Sunday, December 27, 2009


Today, I attended the Sunday Al-Anon meeting I call church. I call it that because I often get the same messages at church as I do in the program. Today's message was gratitude.

It started when I ran into my Al-Anon sister, Ginny, who asked me if I had heard about the overdose in our sponsor's family. I said I had. I told her it was a reality check for me. It made me feel grateful that my daughter was alive. She agreed and shared with me something a program friend had told her that gave her hope. She said, your daughter's final chapter hasn't been written yet.

The pastor's message was "Praise, Praise, Praise," but it could have been titled, "Nevertheless..." She shared that she was driving somewhere thinking about all the things she didn't have, when she looked up at the car in front of her and on the bumper was a sticker that said, "Nevertheless... God." And it reminded her of all she had been blessed with. We all have things, she said. Some of us have endured unspeakable tragedy. But it's still possible to feel joy, nevertheless...

To me, that's been the central message of Al-Anon. I have been affected by the disease of alcoholism and watched those closest to me struggle. Those struggles and difficulties will always be with me, nevertheless... I can learn to be happy no matter what's happening with the alcoholics in my life, and whether they are still drinking or not.

If I'm in gratitude, it's hard for me to be sad or worried or anxious. Gratitude is one of the most powerful tools I've learned in Al-Anon. It's also a learned behavior. It's something I have to practice daily.

Here's an assignment my sponsor is fond of giving out. If you haven't already, I encourage you to try it. Make a gratitude list of 10 things, three days in a row and don't repeat anything.

At first, I found this hard. Soon I was practicing gratitude every day and had so many things on my list that I had to focus on what I was grateful for just in the last 24 hours.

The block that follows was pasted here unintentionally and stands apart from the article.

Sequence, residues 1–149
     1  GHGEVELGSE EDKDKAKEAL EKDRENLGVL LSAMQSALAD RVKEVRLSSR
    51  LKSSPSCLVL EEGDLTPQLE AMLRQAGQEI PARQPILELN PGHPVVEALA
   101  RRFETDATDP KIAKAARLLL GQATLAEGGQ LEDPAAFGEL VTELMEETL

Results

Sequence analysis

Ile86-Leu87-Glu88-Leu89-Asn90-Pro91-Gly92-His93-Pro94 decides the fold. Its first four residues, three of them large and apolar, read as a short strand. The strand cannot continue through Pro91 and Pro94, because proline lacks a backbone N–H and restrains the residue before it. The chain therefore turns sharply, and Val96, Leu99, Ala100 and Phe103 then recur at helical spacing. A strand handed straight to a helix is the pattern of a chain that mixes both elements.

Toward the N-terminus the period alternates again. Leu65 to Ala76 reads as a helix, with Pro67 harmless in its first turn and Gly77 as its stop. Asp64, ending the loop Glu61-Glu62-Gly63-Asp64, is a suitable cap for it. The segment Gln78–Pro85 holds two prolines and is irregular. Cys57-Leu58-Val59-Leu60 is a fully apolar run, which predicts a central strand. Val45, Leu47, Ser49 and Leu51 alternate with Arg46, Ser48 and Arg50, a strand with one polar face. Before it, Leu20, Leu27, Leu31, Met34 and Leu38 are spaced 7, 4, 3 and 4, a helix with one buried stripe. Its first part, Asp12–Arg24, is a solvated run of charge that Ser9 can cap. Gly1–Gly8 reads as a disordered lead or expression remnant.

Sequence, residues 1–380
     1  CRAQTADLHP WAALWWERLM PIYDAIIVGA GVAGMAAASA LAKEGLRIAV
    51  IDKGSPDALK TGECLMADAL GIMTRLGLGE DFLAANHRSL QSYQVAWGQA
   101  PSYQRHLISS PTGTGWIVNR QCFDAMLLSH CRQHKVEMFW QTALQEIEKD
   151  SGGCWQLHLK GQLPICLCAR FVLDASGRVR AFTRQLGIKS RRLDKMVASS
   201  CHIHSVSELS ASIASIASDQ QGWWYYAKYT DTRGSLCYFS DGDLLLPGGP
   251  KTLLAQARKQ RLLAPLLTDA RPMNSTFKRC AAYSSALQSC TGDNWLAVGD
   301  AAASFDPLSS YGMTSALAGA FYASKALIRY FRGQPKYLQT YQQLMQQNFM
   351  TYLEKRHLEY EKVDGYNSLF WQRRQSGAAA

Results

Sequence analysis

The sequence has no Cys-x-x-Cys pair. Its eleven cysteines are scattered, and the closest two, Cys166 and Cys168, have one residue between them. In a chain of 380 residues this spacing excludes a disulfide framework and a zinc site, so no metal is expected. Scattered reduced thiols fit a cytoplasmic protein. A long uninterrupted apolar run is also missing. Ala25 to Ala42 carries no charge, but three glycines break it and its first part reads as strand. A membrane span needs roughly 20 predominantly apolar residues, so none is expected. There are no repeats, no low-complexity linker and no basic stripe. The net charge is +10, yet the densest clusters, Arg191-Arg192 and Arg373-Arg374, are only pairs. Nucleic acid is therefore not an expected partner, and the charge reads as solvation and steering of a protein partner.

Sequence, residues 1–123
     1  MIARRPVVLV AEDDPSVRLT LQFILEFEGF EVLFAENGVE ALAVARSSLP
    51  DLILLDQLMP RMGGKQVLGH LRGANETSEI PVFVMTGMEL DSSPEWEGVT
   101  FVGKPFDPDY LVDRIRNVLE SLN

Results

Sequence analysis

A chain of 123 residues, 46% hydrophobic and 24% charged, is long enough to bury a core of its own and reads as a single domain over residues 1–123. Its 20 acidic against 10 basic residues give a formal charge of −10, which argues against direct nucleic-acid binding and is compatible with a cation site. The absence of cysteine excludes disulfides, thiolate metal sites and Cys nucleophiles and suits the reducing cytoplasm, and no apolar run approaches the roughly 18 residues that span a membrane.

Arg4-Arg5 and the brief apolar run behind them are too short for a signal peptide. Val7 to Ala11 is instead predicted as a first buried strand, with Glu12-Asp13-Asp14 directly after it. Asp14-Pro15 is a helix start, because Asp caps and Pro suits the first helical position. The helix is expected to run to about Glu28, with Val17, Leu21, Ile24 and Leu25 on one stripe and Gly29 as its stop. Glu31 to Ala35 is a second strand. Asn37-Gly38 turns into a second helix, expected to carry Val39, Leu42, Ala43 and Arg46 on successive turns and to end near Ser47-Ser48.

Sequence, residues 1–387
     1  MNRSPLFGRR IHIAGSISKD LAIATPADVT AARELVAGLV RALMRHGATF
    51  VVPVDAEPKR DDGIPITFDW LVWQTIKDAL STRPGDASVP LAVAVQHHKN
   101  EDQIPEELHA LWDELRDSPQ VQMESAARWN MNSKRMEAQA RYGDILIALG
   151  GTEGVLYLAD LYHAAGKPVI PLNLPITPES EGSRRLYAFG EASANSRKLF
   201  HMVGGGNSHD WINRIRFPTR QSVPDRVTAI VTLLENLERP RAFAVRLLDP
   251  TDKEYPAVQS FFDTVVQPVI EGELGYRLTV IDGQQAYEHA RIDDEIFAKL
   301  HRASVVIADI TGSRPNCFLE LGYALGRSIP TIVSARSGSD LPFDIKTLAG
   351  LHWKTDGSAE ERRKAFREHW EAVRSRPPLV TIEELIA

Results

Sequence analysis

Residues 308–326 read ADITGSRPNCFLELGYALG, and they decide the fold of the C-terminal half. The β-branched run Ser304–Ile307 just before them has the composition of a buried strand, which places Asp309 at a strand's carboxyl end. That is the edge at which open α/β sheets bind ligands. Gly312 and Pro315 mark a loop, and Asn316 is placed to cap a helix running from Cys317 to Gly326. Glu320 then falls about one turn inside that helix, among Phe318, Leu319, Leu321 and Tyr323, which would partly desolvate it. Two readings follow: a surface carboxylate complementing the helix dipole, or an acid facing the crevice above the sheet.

In Al-Anon, I've heard of many variations on this theme. Some people keep a gratitude journal. Some e-mail their gratitude list every day to a friend in the program. They say it keeps them accountable. Scott W. publishes his gratitude list on the blog Attitude of Gratitude.

My own practice is to send up my gratitude list in my daily prayers. I have prayers I say regularly, and I have one that I compose daily that begins with my gratitude list and ends with the list of people I am praying for. It seems like the right order.

I live in the West, where the culture and traditions of many Indian nations are woven into the fabric of life. In the Navajo tradition, it's impolite to ask for something without offering something first, a gift of tobacco, say. That always impressed me. And that's the way I pray.

Here's what I'm grateful for today:

1. I'm grateful for the leaves that fall and swirl outside my window like snowflakes. I'm grateful that they are not snowflakes.

2. I'm grateful that it is 54 and not minus 54. I'm grateful that I am still minus 54.

3. I'm grateful for the time I got to spend with my stepson and grandchildren, for the excitement that swirled around the house while they were here, and for the peace that's settled over the house since they left.

4. I'm grateful for a Barnes and Noble gift card, which allowed me to buy a book I've been wanting, and grateful for pleasurable hours spent reading it yesterday.

5. I'm grateful for my friends David and Martha and for the Christmas basket of goodies they delivered, which included the delicious frittatas my husband and I enjoyed today for breakfast.

6. I'm grateful for a husband to share them with.

7. I'm grateful for toast with apple jelly.

8. I'm grateful that my daughter is alive. That she called to wish me a Merry Christmas. That she will be arriving later this week. That her final chapter is not yet written.

9. I'm grateful that my final chapter is not yet written.

10. I'm grateful for my Al-Anon sister Ginny and all my Al-Anon sisters. I'm grateful to have a sponsor who provides such an example of the Al-Anon way. Who shows me that it's possible to walk through tragedy with grace, dignity and, yes, even joy.

I wish you a joyful, gratitude-filled day.


  1. Kathy, I just found your blog. Thank you for sharing your Al-anon experiences and what it means. I have not headed there as yet (I do co-dependency meetings through a local clinic that treats a lot of addicts in the son was a patient there...twice). I'm still reaching for options to help me on my own road to recovery. I will keep reading. Thank you.

  2. "I can learn to be happy no matter what is happening with the alcoholics in my life.." That's the truth. We have to learn. I will remember nevertheless forever. Thanks.